The Web Site project is compiled on the fly. You end up with a lot more DLL files, which can be a pain. It also gives problems when you have pages or controls in one directory that need to reference pages and controls in another directory since the other directory may not be compiled into the code yet. Another problem can be in publishing.
If Visual Studio isn't told to re-use the same names constantly, it will come up with new names for the DLL files generated by pages all the time. That can lead to having several close copies of DLL files containing the same class name,
which will generate plenty of errors. The Web Site project was introduced with Visual Studio 2005, but it has turned out not to be popular.
The Web Application Project was created as an add-in and now exists as part
of SP 1 for Visual Studio 2005. The main differences are the Web Application Project
was designed to work similarly to the Web projects that shipped with Visual Studio 2003. It will compile the application into a single DLL file at build
time. To update the project, it must be recompiled and the DLL file
published for changes to occur.
Another nice feature of the Web Application
project is it's much easier to exclude files from the project view. In the
Web Site project, each file that you exclude is renamed with an excluded
keyword in the filename. In the Web Application Project, the project just
keeps track of which files to include/exclude from the project view without
renaming them, making things much tidier.
The article ASP.NET 2.0 - Web Site vs Web Application project also gives reasons on why to use one and not the other. Here is an excerpt of it:
- You need to migrate large Visual Studio .NET 2003 applications to VS
2005? use the Web Application project.
- You want to open and edit any directory as a Web project without
creating a project file? use Web Site
- You need to add pre-build and post-build steps during compilation?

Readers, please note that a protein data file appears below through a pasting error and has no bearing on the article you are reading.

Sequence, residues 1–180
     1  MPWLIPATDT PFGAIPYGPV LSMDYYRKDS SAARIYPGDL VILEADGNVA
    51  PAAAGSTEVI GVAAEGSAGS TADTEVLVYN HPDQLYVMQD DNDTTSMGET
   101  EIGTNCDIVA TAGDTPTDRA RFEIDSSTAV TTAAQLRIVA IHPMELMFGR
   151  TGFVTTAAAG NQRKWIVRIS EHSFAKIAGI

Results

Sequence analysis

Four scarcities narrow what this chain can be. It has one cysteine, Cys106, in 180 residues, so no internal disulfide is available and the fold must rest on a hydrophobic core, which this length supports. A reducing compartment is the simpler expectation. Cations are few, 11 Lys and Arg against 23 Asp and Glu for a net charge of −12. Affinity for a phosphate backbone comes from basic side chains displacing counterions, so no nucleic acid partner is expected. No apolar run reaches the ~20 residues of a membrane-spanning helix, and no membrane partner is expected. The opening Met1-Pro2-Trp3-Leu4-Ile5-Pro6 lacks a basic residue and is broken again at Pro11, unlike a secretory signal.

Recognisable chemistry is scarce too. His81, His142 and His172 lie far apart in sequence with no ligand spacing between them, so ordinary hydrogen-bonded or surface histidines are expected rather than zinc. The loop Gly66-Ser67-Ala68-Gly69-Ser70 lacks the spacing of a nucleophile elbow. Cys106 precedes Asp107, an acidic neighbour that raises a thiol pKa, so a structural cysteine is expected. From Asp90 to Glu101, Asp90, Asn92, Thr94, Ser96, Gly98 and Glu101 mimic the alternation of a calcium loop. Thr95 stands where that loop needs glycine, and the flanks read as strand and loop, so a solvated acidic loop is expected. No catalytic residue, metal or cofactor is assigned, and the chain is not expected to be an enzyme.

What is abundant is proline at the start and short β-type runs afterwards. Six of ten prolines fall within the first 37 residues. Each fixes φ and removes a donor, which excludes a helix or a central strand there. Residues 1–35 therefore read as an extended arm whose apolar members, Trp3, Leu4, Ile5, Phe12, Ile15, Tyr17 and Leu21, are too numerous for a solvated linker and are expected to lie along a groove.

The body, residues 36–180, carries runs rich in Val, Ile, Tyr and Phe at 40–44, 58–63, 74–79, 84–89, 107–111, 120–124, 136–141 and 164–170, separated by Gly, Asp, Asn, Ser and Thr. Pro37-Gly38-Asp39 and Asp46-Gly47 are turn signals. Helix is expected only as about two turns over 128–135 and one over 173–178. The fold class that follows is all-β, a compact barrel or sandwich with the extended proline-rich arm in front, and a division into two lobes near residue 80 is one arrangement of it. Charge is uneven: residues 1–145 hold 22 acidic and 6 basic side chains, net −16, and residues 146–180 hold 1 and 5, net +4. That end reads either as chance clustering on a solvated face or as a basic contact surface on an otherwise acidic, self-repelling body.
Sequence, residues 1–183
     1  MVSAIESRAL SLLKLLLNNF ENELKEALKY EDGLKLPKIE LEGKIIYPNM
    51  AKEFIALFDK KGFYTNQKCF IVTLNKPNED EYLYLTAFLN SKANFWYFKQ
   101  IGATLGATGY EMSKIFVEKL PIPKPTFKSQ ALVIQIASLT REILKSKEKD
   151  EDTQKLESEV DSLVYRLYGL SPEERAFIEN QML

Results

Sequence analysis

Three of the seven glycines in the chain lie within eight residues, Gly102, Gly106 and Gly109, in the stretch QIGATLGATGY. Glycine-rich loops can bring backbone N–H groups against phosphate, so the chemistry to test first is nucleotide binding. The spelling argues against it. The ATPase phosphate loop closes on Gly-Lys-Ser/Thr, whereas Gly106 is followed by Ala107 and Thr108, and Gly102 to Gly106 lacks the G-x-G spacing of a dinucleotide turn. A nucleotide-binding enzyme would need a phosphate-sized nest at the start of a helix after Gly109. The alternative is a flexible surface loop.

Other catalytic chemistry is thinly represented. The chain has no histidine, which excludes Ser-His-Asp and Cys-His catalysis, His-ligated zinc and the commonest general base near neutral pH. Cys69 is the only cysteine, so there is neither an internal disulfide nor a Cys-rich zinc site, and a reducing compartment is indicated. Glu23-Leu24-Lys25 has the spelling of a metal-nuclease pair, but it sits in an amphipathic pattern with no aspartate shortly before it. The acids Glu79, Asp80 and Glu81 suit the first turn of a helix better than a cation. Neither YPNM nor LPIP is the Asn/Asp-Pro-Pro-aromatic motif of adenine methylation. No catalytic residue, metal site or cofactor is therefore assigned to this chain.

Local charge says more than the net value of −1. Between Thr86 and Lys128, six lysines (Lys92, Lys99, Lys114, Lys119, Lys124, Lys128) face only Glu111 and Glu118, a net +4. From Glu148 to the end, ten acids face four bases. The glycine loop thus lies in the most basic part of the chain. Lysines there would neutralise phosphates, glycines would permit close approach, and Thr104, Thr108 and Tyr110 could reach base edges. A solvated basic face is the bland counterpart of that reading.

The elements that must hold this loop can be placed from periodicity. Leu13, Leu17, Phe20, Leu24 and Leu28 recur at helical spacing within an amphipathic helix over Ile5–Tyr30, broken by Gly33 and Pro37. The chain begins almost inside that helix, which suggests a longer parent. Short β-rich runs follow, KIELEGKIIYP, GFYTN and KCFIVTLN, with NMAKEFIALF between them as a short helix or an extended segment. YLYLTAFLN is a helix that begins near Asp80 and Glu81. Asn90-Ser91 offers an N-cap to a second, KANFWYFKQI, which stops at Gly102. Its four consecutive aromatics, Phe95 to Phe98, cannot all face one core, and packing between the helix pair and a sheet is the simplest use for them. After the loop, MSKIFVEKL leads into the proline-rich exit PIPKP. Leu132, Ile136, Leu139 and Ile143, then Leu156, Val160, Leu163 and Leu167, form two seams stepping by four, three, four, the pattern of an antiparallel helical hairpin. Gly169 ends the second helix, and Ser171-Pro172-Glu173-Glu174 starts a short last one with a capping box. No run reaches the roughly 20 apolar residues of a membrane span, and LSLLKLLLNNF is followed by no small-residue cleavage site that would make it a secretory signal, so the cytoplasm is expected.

use Web Application project.
- You need to build a Web application using multiple Web
projects? use the Web Application project.
- You want to generate one assembly for each page? use the Web Site project.
- You prefer dynamic compilation and working on pages without building
entire site on each page view? use Web
- You prefer single-page code model to code-behind model? use Web Site
Web Application Projects versus Web Site Projects (MSDN) explains the differences between the web site and web application projects. Also, it discusses the configuration to be made in Visual Studio.
This solution will give you programmatic access to the controls in their entirety including all attributes on the controls. Also, only the text box values will appear in the URL upon submission so your GET request URL will be more "meaningful"
<%@ Page Language="C#" AutoEventWireup="true" CodeBehind="JonSkeetForm.aspx.cs" Inherits="JonSkeetForm" %>
<!DOCTYPE html PUBLIC "-//W3C//DTD XHTML 1.0 Transitional//EN" "http://www.w3.org/TR/xhtml1/DTD/xhtml1-transitional.dtd">
<html xmlns="http://www.w3.org/1999/xhtml" >
<title>Jon Skeet's Form Page</title>
<form action="JonSkeetForm.aspx" method="get">
<input type="text" ID="text1" runat="server" />
<input type="text" ID="text2" runat="server" />
<asp:Repeater ID="Repeater1" runat="server">
Then in your code-behind you can do everything you need on PageLoad
public partial class JonSkeetForm : System.Web.UI.Page
protected void Page_Load(object sender, EventArgs e)
text1.Value = Request.QueryString[text1.ClientID];
text2.Value = Request.QueryString[text2.ClientID];
If you don't want a form that has
runat="server", then you should use HTML controls. It's easier to work with for your purposes. Just use regular HTML tags and put
runat="server" and give them an ID. Then you can access them programmatically and code without a
The only downside is that you won't have access to many of the "helpful" ASP.NET server controls like
GridViews. I included a
Repeater in my example because I'm assuming that you want to have the fields on the same page as the results and (to my knowledge) a
Repeater is the only DataBound control that will run without a
runat="server" attribute in the Form tag.